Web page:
Ok, just winding you up with the title there. Derivatives aren't good or evil, they are powerful. I just completed 2 books that touched on derivatives this weekend.
is a very interesting read. His thesis on reflexivity is always fun. I will comment on two core components of his thesis, but am not sure I appreciate them fully, so feel free to chime in with comments.
- Falsifiability, in the Popperrian sense means by definition that economics is not a science, merely a pretender. I would agree with this, due to the fact human actors are participating, the rules are dynamic and reflexive. Any system that responds not only to outward stimulus, but to its own perception of that stimulus and guesses in the future is inherently non-falsifiable as the presumption of "knowledge" precludes hypothesis. It reminds me of my social anthropology training.
- Derivatives are WMD (weapons of mass destruction). I tend to agree with this quite a bit. Derivatives themselves have long left the "hedging" risk transfer function and have evolved into gambling instruments. As zero-sum instruments they aren't in themselves dangerous from a purely economic perspective. I do believe however that from a risk concentration perspective failed netting in CDS could lead to a massive multi-bank failure. The recursive nature of settlement failure in financial networks combined with CDS's sometimes fuzzy notion of EOD and settlements is a cause for concern. Centralized effective netting is a start to resolution, but needs to be put in place faster than is currently happening. These conditions when combined with the fact that many reference credits are over-written relative their value and may in fact be netting participants themselves is great cause for concern. The financial system is a belief system and will face challenges in the light of a major netting counter-party failure. Let's hope the appropriate central bank steps in as a back stop at the right time. It worked for Bear Stearns (a non-CDS) related issue, but that was a relatively minor problem. The CDS concentrations of settlement risk is becoming less of a vague risk and more a statistical inevitability.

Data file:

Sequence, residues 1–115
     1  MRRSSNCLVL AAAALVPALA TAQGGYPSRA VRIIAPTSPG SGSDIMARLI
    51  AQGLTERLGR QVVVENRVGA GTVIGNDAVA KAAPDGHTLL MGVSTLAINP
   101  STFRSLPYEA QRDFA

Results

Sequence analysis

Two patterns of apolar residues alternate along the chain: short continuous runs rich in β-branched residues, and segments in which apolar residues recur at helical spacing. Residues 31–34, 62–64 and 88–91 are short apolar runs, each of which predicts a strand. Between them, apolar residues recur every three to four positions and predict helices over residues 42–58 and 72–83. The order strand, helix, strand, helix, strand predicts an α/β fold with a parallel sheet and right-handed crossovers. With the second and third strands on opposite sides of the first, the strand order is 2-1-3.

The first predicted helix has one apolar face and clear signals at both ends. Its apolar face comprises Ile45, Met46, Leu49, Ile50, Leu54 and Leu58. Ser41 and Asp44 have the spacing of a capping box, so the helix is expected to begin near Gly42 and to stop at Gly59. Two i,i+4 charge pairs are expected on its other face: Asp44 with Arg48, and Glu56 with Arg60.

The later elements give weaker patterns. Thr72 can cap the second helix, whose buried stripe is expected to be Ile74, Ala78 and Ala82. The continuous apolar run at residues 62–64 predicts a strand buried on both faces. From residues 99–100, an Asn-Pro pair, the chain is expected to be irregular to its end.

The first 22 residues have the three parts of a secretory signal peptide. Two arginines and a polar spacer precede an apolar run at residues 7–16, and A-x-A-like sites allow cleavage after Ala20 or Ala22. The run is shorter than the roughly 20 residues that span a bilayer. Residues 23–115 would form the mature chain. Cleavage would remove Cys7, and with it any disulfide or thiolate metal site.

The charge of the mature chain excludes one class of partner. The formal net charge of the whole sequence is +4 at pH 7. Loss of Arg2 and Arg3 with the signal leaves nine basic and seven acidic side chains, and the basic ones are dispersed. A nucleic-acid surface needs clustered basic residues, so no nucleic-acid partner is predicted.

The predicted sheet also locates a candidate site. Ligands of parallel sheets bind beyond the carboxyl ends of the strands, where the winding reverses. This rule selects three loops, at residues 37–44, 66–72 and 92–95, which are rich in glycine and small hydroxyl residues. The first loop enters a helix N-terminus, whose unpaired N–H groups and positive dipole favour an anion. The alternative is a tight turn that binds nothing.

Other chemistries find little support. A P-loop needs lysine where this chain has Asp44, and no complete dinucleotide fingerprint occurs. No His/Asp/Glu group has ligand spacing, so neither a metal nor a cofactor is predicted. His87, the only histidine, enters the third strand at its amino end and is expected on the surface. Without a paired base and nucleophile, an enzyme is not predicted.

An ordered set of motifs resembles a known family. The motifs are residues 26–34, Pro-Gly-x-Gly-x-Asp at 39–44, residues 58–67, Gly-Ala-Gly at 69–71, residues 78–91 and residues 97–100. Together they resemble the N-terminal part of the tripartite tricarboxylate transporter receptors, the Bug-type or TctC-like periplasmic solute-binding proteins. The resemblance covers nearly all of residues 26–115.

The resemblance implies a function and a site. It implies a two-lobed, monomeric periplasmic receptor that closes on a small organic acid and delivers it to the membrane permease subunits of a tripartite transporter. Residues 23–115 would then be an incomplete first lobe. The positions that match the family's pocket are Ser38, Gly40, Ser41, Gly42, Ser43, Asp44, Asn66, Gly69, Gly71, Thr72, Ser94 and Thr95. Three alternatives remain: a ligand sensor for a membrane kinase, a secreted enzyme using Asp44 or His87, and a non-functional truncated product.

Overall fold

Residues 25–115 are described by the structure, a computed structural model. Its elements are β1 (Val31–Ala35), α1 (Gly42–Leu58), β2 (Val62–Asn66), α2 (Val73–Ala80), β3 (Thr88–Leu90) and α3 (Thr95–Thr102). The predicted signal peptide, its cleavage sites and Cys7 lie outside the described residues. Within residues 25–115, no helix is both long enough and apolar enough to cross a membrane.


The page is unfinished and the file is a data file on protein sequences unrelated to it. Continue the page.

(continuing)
Mr. Das, funny and thank fully un-politically correct look at the world of bankers and derivatives is an excellent view of the world through the eyes of someone with 25 years of experience a keen wit and a sharp pen. The veneer that is put on the overly compensated, overly dressed and dangerously unaware participants in the OTC derivatives market is very refreshing. It is nice to have the pretensions dropped by an insider. Everyone is in it for the money and those with the most information win. Customers are sheep for slaughter and traders use banks as either a veneer of legitimacy or the patina of patriarchal legitimacy. At the end Mr. Das calls BS when he sees it, which is pretty nice and makes for an informative read.
My only critique of the book is its audience level stretches too broadly. At one point Variable Basis Points are discussed and in the next instance basic bond calculations are mentioned. I think a good editor might have separated the specialist and the non-specialist bits. The humour and trader anecdotes are very true to form and dealbreaker worthy.